Noyes assumes chief of staff duties
An experienced administrator with a deep familiarity with campus and Wisconsin state government has assumed duties as interim chief of staff in the Chancellor’s Office.
Jennifer Noyes began the role yesterday, Monday, June 27, and will serve both Interim Chancellor Karl Scholz and incoming Chancellor Jennifer Mnookin. The chief of staff coordinates administrative issues and projects among the chancellor, Chancellor’s Office staff and vice chancellors.
Noyes has held a series of key roles at UW–Madison, including most recently as vice provost for academic operations and the senior administrator responsible for campus COVID-19 response and operations.
Prior to serving in these roles, Noyes was chief of staff in the College of Letters & Science, associate director for programs and management at the Institute for Research on Poverty, and an IRP distinguished researcher — an affiliation she retains today.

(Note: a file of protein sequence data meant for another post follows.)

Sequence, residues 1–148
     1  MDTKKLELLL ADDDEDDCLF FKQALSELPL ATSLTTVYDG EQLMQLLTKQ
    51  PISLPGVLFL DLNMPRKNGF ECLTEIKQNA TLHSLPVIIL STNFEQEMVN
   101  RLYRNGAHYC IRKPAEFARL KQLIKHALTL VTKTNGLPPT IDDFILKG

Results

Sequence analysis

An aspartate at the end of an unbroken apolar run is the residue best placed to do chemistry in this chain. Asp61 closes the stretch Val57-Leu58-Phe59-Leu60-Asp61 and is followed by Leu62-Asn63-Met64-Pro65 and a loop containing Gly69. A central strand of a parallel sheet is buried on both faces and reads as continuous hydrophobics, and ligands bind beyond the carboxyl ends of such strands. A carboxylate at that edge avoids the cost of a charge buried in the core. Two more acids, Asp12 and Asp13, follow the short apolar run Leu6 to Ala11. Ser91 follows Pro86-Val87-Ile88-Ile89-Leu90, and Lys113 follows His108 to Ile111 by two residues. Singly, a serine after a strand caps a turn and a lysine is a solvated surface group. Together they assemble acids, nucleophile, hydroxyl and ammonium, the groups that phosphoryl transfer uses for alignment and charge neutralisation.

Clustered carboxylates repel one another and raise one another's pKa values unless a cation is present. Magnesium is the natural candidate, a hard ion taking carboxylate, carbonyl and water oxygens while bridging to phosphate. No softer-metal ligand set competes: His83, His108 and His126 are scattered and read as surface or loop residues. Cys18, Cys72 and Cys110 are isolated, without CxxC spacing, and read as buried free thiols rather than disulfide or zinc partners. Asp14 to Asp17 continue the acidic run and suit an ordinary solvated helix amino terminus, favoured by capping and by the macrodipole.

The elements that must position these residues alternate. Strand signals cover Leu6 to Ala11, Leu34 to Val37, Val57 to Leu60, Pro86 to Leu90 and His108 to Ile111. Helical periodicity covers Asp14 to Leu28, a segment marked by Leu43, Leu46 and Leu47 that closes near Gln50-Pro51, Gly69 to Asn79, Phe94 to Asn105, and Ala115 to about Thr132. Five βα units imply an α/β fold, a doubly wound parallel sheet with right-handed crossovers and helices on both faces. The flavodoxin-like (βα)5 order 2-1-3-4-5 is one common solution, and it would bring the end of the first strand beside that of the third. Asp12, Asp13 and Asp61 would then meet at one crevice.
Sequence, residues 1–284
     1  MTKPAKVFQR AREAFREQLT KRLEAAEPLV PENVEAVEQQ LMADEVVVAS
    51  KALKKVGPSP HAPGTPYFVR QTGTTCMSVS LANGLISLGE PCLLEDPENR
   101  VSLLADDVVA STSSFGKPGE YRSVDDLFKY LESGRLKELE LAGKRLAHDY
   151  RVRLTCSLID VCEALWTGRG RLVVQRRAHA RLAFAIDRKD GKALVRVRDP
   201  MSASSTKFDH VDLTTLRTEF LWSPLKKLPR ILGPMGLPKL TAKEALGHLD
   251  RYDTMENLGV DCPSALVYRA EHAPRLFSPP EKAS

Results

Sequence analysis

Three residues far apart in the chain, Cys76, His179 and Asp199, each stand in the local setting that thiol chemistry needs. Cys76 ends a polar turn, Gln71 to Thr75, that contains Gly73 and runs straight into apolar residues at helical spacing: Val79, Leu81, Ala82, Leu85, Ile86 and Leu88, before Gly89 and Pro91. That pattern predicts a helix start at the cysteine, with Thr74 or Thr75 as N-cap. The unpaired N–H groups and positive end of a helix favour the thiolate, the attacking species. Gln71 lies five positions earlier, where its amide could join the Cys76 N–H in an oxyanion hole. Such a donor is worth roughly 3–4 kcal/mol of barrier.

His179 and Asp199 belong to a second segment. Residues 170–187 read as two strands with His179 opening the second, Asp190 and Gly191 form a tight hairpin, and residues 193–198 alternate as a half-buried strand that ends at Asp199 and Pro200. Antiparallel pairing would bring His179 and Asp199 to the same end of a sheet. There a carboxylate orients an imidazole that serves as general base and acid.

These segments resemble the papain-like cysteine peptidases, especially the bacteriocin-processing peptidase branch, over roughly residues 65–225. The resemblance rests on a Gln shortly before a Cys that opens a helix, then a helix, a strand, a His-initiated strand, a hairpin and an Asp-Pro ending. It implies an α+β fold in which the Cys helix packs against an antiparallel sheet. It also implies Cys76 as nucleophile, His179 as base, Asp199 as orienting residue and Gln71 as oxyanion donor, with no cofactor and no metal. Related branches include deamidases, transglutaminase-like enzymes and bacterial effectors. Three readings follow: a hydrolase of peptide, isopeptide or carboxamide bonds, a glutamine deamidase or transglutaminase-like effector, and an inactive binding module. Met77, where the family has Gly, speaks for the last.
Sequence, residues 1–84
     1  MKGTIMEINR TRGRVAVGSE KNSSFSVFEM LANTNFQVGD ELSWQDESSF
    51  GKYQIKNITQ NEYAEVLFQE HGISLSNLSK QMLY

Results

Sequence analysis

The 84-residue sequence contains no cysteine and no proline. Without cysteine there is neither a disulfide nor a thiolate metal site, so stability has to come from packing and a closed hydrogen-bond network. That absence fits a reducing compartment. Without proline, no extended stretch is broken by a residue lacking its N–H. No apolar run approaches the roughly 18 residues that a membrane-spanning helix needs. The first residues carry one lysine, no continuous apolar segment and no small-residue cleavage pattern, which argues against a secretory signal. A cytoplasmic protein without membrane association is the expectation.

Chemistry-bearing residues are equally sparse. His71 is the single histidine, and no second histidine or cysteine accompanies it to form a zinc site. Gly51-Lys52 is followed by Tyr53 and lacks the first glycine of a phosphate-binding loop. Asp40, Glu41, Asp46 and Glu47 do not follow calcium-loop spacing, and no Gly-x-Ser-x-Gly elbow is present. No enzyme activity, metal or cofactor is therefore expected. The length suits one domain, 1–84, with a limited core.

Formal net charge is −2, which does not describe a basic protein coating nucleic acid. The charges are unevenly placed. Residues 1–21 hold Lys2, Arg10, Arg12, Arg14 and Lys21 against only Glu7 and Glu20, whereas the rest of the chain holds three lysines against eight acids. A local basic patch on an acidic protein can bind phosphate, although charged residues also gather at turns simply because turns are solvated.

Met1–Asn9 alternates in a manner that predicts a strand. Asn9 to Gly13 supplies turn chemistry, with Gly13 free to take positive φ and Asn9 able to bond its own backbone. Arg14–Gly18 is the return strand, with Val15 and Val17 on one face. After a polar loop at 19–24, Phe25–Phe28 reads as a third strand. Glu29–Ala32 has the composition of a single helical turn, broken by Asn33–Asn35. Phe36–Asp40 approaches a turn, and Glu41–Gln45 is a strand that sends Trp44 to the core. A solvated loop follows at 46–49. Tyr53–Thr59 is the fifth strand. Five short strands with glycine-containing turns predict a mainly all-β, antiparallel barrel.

Her background includes positions in several Wisconsin state agencies, including the Legislative Audit Bureau, the Department of Administration, and the Department of Workforce Development. Noyes was also a senior fellow with and Madison office director of the Hudson Institute’s Welfare Policy Center.
She holds a PhD in social welfare from UW–Madison’s Sandra Rosenbaum School of Social Work and a master of arts in public affairs from the University of Minnesota Humphrey School of Public Affairs. She completed her undergraduate studies at the University of Denver.
“Jennifer’s deep operational experience, connections throughout the university, and commitment to public service make her uniquely qualified to take on this role,” says Scholz.
Noyes succeeds Matt Mayrl, who has served as chief of staff for Chancellor Rebecca Blank since 2016 and is departing for a new role at American Family Insurance.
“Matt’s efforts have been central to many campus accomplishments,” Scholz adds. “We will miss not only his sharp strategic mind, but the skilled way he navigated difficult policy and operational challenges.”